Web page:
In the face of continuing economic hardship Iraqis have turned to the illegal organ trade.
According to a BBC report, gangs in the country are offering up to $10,000 US for a kidney, and have been increasingly targeted the country’s poor. Almost a quarter of the country’s population live in abject poverty – according to World Bank statistics – and some destitute families are actively seeking out organ traders.
“The phenomenon is so widespread that authorities are not capable of fighting it,” said Firas al-Bayati, a human rights lawyer, told the BBC.
“I have personally dealt over the past three months with 12 people who were arrested for selling their kidneys. And poverty was the reason behind their acts,” he said.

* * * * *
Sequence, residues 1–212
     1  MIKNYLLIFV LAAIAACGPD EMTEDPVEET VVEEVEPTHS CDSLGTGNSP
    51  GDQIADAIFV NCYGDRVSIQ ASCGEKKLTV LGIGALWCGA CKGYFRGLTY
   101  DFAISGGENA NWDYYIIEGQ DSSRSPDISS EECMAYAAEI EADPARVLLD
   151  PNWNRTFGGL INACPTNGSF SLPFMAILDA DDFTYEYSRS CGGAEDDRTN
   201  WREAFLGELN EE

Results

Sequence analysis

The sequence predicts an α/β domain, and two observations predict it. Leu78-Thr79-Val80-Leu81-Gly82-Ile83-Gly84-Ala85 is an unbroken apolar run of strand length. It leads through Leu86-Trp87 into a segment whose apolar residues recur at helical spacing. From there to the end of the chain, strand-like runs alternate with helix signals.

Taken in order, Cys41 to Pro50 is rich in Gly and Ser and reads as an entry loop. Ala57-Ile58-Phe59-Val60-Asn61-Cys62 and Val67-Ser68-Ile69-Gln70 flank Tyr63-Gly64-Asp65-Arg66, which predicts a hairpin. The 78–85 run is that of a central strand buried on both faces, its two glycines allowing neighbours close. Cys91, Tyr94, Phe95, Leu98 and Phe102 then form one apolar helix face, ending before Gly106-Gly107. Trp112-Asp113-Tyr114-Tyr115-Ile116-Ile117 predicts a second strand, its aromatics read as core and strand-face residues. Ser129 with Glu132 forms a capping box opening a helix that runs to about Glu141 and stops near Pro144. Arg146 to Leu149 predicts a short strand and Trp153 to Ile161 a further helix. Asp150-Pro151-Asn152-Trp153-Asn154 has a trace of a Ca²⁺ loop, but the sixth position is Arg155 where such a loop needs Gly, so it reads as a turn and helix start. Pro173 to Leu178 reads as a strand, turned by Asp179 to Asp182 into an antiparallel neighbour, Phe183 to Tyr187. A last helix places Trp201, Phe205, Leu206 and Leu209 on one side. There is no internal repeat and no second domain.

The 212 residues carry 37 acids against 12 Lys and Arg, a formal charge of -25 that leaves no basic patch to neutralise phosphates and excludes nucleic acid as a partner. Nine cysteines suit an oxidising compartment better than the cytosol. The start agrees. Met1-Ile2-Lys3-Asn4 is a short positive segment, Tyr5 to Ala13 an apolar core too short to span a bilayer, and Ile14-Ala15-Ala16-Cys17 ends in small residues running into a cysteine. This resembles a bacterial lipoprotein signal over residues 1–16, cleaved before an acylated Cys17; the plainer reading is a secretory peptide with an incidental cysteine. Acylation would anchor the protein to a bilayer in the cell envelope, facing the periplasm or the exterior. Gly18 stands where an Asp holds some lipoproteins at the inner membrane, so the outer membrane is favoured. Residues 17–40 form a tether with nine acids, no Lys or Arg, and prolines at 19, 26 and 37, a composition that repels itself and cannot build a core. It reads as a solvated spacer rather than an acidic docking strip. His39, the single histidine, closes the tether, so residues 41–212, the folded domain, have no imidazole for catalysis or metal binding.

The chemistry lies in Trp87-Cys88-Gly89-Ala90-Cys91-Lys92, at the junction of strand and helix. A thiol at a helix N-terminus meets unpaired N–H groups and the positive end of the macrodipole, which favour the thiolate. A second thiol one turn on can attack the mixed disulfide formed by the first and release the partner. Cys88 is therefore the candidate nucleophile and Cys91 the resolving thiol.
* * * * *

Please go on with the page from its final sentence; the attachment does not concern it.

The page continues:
Under Iraqi law only relatives are allowed to donate organs their organs to one and other. The trafficking of organs is strictly prohibited, with penalties ranging from three years in prison to death.
In July last year the Iraqi English-language news service NIQASH published a feature on the organ trade in Iraqi Kurdistan, a semi-autonomous region of the country. Displaced persons have flooded into region since the beginning of the Syrian civil war, and opportunistic organ traffickers have been very active in the sprawling refugee camps.
According to NIQASH, organ ‘donors’ typically receive around $4000 for a kidney; traffickers will on-sell the kidney in other regional centres for up to $20000.
The regional government has been slow to implement laws outlawing the trade.
The views, opinions and positions expressed by these authors and blogs are theirs and do not necessarily represent that of the Bioethics Research Library and Kennedy Institute of Ethics or Georgetown University.